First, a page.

Welcome to this week’s episode of Hot Takedown, our podcast where the hot sports takes of the week meet the numbers that prove them right or tear them down. On this week’s show (June 30, 2015), we discuss the U.S. women’s national soccer team lineup, preview Wimbledon and discuss the weirdness of NBA free agency. Plus, our Significant Digit of the week: Luke Ridnour was traded this week for the fourth time this offseason, to the Toronto Raptors.Stream the episode by clicking the play button, or subscribe using one of the podcast clients we’ve linked to above.Below are some links to what we discuss on this week’s show:Allison McCann on the greatest Women’s World Cup game of all time.Andy Murray defending his coach ahead of Wimbledon.A full list of NBA free agents.Significant Digit: Luke Ridnour, the man that no team, and every team, wants. Hot Takedown More: Apple Podcasts | ESPN App | RSS If you’re a fan of our podcasts, be sure to subscribe on Apple Podcasts and leave a rating/review. That helps spread the word to other listeners. And get in touch by email, on Twitter or in the comments. Tell us what you think, send us hot takes to discuss and tell us why we’re wrong. read more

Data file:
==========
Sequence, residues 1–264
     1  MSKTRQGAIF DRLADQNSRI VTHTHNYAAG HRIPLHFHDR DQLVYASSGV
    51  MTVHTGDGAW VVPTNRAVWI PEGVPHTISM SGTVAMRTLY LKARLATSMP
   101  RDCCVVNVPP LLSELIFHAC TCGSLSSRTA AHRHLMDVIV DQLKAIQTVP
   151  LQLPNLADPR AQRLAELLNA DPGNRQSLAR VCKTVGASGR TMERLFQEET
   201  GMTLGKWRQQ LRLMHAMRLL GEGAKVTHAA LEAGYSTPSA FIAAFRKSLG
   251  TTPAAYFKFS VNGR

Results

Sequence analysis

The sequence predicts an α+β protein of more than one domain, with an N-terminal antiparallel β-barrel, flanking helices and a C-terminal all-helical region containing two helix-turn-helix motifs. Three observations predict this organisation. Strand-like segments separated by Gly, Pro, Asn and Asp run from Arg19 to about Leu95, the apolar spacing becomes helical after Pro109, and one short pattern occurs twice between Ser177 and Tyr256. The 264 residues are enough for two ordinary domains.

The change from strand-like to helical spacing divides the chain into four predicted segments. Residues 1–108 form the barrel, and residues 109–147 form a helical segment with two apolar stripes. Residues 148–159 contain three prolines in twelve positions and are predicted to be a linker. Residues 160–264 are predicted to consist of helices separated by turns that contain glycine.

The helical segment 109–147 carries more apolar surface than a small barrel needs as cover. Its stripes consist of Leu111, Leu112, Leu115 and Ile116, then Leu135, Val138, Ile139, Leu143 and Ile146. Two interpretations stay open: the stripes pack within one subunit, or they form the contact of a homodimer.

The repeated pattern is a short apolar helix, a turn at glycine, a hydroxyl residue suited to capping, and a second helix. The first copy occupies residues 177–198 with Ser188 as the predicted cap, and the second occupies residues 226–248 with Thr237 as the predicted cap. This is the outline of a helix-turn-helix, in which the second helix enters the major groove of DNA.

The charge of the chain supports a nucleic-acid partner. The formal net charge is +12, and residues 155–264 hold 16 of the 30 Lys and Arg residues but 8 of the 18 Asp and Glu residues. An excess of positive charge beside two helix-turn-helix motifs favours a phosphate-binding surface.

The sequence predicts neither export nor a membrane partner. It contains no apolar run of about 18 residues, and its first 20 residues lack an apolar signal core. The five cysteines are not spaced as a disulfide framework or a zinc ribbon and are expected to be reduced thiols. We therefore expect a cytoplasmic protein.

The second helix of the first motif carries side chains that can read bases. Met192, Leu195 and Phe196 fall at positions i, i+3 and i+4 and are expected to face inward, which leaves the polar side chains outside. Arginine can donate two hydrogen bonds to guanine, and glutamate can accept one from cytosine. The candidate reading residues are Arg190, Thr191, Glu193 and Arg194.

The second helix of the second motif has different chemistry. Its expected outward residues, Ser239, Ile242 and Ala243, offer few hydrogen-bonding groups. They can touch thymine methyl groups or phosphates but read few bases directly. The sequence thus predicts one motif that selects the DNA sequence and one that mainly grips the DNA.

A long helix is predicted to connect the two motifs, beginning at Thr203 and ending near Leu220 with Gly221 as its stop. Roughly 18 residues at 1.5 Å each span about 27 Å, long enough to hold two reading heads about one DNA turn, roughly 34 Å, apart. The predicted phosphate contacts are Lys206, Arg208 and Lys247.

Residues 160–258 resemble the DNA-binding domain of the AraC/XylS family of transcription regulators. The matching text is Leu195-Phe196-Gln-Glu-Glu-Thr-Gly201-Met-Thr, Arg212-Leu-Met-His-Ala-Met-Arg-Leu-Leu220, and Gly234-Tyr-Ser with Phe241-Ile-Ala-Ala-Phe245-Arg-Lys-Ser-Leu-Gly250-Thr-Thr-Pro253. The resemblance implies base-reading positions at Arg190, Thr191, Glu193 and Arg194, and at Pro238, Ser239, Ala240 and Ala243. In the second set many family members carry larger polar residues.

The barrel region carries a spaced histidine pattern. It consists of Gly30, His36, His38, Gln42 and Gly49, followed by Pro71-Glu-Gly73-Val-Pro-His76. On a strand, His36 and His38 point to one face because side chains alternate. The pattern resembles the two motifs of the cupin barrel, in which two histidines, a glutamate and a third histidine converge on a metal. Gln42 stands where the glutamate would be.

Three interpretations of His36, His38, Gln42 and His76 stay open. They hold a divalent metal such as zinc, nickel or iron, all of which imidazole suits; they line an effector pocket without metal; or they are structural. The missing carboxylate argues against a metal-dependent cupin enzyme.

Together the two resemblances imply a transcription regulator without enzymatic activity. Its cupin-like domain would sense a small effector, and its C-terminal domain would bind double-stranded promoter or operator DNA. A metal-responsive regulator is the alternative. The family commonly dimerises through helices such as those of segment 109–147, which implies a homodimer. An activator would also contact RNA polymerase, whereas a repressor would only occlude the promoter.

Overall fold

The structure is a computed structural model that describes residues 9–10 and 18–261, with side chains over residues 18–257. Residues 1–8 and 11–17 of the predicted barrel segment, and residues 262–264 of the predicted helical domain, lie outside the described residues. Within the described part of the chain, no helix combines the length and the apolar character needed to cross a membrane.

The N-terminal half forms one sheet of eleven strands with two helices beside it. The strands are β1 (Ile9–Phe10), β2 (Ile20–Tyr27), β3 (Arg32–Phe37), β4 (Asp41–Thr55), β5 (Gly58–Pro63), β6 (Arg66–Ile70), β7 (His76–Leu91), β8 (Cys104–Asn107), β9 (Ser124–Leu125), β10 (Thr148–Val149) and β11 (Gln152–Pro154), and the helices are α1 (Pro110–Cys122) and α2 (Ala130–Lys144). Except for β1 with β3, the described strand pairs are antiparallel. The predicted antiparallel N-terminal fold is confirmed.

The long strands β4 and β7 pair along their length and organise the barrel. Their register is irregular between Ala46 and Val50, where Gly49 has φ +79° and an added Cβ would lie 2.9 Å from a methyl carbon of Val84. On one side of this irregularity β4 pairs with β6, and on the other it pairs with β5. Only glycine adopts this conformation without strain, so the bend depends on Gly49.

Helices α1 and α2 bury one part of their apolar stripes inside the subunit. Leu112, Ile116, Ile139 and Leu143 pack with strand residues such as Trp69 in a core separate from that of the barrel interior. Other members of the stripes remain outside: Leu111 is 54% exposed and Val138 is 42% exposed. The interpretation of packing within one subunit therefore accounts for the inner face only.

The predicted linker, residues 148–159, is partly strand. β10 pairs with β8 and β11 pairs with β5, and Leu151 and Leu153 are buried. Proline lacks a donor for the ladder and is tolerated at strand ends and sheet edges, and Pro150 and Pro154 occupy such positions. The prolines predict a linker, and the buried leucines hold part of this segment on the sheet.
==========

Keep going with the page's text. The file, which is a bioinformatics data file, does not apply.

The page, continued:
OSU center Pat Elflein (65) looks across the line of scrimmage during the second half against Indiana on Oct. 8. The Buckeyes won 38-17. Credit: Mason Swires | Assistant Photo EditorLast Saturday, Ohio State struggled in pass protection with a team that averaged just a half sack a game in Michigan State. Buckeyes’ quarterback J.T. Barrett was hurried three times, and hurried seven of his passes. Barrett, who threw for just 86 yards against the Spartans, has taken a high level of abuse in recent weeks, carrying the ball 35 times in the last two weeks, on top of being sacked. This year, OSU has allowed its quarterbacks to be dropped in the backfield 17 times through 11 games.Although OSU has given up over a sack a game, Michigan’s defensive line is a different kind of beast with pass rushing. On defense, the Wolverines have 36 sacks, more than the team had all last season, including bowl games.The tendency of quarterbacks to be injured by the Michigan defense this season has been noted by coaches from Jim Harbaugh’s staff. So far, five opposing starters have been knocked out of games with injuries when playing against the Maize and Blue. When asked about the topic, Michigan junior defensive end Chase Winovich said it is never something that teams take pride in, but it’s just a matter of fact when playing a sport as physical as football. After Maryland starter Perry Hills hurt his shoulder against the Wolverines, Winovich was unapologetic in his answer to why so many quarterbacks have been injured against his team.“It’s a violent game,” he said. “Nobody makes it out alive. Nobody’s safe in this game, especially if you’re playing quarterback against us. We’re coming.”While Winovich did express his desire for a quick recovery by Hills, the message was clear. Michigan pulls no punches when hitting opposing signal callers. OSU players were asked about the strange statistic on Monday at the Woody Hayes Athletic Center. Adding to an already heated rivalry with serious playoff implications, many members of the team did not seem pleased with the comments made by the Michigan defensive end.Among them was redshirt junior guard Billy Price. Cooler heads prevailed for Price, who said he understood the tall order of keeping Barrett off the long list of injured starter“If you have a defensive line making a statement like that, that’s a challenge,” Price said. “We look forward to getting after it and protecting J.T.”Historically, the battle up front between Michigan and OSU has determined the outcome. The last time the Wolverines topped the Buckeyes, then-OSU quarterback Braxton Miller was dropped four times. Without time to pass, the Buckeyes could be in for a long game. Although OSU’s offensive attack depends mostly on running the ball and wearing down a defense, Michigan is allowing just 108 yards rushing per game to opponents.Even more frightening, Michigan has given up just four rushing touchdowns this season, one of the lowest marks in the entire NCAA. Redshirt senior center Pat Elflein has been pitted against the Wolverines before, and has witnessed firsthand the physicality of the trenches in The Game. OSU has faced more than one stout defensive front this season, but Saturday will be the ultimate test.Even with a formidable defense wanting nothing more than to drag Barrett down in the backfield, Elflein remains confident in his unit’s ability to dictate the outcome and is unaffected by the comments made by Winovich.“I know they’re a good defensive line,” he said. “We’ve faced good defensive lines this year and I don’t really care about any (talk) because we are going to do our job and we’re going to run the ball and protect our quarterback.”Elflein and Price will get their chance to back their claims on Saturday in Ohio Stadium against Michigan. Kickoff is set for noon. read more